- Government investigations
- Tightening controls
- Illicit/deviant use=> Impetus:
- Search for the next drug
and deviance as converted form of Conventional behavior
- Morgan and Kagan: Media myths
and realities. Dangerous, yes- But: with each "new" drug explosion
of negative publicity feed itself to create overblown vision of danger. Use
and "morbidity of PCP declining. Culture has "adjusted."
- Parke, Davis and Co. In the 1950's:
New intravenous anesthetic-- Phencyclidine.
- Not a very good product, but animals
did seem to become "disassociated"
- Use in humans: unpredictable psychological
effects-- feelings of unreality, depersonalization, persecution, depression,
and intense anxiety.
- By 1960: seen as useful as anesthetic
for animals; medically safe, but problematic for humans; and a hallucinogen
of a "different sort."
- Used in veterinary medicine to
"stun" animals (not a tranquilizer)
- Similar drug marketed:
- Appears on the streets- late 1960's-1970's:
"Hog," "garbage," "Angel Dust."
- Use to "beef" up poor
quality marijuana, sold as a substitute for just about everything
- Linked to violence (especially
- Little used today, typical user-
Older than late 1970's
- Major Tranquilizers
- No "high" associated
- Little to no recreational use
- Phenothiazines: Thorazine,
- Psychotherapeutic Revolution:
Depopulation of Mental Hospitals
1946: 525,000 patients (220,000
1955: 680,000 patients (350,00
admit/year) (Chlorpromazine: Thorazine introduced)
1993: 120,000 patients (750,000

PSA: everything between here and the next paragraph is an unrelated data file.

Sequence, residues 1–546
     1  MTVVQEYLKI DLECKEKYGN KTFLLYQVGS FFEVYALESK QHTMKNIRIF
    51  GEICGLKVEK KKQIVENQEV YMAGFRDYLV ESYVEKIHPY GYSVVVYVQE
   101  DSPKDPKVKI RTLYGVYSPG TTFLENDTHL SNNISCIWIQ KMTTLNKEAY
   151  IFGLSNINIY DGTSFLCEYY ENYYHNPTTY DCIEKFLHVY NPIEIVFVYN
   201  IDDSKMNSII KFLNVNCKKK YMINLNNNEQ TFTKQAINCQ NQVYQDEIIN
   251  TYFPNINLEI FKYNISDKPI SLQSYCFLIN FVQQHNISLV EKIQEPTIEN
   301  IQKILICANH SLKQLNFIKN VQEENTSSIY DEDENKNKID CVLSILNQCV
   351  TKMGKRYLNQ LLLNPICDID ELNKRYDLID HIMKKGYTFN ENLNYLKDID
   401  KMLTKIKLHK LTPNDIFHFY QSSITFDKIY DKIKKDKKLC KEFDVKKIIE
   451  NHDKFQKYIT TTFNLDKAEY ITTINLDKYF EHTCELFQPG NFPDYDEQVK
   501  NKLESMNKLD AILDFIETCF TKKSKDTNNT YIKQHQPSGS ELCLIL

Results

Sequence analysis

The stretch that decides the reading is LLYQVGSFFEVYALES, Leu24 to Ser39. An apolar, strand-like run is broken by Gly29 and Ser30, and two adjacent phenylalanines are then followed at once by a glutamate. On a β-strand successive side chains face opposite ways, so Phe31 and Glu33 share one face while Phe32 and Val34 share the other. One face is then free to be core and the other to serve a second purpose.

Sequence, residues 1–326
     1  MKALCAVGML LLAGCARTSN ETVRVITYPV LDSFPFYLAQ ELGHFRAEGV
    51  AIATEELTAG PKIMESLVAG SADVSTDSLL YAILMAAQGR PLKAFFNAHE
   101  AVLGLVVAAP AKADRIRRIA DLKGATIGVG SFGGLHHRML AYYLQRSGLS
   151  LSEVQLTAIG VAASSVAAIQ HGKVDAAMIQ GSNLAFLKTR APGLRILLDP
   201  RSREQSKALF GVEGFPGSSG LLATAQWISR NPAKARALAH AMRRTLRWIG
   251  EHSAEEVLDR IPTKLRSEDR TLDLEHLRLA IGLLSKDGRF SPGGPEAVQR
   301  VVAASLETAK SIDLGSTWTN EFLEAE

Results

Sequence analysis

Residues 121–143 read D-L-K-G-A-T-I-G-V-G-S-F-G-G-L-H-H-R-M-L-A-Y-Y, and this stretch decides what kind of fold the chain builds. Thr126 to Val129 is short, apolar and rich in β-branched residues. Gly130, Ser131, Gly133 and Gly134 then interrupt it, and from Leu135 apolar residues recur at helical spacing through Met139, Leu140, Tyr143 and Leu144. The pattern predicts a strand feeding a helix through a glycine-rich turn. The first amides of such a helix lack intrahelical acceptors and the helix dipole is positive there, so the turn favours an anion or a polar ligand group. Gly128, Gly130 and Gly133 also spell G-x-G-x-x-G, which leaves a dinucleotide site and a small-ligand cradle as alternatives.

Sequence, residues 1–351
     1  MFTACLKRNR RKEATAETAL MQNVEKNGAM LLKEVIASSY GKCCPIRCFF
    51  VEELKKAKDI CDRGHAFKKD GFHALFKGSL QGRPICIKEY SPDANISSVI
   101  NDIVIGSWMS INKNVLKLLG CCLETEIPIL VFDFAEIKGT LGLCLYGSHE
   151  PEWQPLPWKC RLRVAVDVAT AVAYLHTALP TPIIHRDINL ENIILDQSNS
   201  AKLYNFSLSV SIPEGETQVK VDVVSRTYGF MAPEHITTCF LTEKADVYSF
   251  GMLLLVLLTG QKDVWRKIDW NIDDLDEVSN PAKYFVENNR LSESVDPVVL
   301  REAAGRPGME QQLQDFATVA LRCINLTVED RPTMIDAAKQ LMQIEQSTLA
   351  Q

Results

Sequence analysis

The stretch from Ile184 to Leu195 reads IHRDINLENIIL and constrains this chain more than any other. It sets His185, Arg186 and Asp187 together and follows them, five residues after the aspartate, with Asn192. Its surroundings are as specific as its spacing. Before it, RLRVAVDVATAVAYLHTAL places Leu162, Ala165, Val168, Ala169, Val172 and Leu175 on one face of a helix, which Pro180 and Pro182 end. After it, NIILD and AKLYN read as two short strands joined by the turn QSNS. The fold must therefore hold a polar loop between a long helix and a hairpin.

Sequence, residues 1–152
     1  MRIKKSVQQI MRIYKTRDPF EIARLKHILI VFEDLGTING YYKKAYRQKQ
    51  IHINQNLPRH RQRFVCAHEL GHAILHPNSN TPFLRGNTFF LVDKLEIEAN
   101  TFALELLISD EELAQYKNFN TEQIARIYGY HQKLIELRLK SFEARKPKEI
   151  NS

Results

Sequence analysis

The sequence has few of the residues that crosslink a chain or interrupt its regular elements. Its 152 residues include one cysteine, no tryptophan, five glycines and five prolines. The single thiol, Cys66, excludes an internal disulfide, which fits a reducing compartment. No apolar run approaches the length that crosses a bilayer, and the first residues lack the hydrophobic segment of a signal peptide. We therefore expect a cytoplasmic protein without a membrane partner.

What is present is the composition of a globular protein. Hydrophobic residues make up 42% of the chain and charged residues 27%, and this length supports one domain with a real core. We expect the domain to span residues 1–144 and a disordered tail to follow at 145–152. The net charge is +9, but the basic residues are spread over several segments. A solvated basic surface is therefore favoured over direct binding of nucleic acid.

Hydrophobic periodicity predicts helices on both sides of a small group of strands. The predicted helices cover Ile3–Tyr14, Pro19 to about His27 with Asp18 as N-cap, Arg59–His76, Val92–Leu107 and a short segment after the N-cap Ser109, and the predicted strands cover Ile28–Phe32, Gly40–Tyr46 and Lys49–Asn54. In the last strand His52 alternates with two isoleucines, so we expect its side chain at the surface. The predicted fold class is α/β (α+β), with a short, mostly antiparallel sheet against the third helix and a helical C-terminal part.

1998: 90,000 patients (no data
Admissions up steadily, census
peaks in 1955 and then steady, dramatic decline
Stay earlier: 6 or more months,
Now: 2-3 weeks
- 85% of patients receive some type
of pharmacological therapy
- Produces significant improvement
in behavior and manageability
- No addiction, OD rare, side effects:
"ticks," shuffle, etc.
- Relapse if therapy terminated:
75-95%, ~15% can go back to normalcy
- Psychotics: Bizarre and delusional
behavior vs. Mood and Affective Disorder- Depression. Extreme sadness and/or
despair. 15% suicidal
- Stimulants don't seem to help
- ECT: effective, yet negative image.
Used more frequently in England, etc. Today, more precise, lower voltage;
Yet still viewed in negative light.
- Research on depression: neurochemical,
- Drugs: SSRIs:
Prozac, Tofranil, Elavil and Lithium (bipolar),
- No euphoria; for non-depressed:
- 2-3 week onset
- Most seem to be helped; ~5% problems
- Starting to produce a fair showing
in DAWN reports
- Introduced in 1987, by 1990 prescriptions
up 500%. Now in the top 10
- One million prescriptions filled
per month. More than one-half by non-psychiatrists.
- Psychologist James Goodwin of
Wenatchee, WA, has used himself since 1989, and virtually demands that all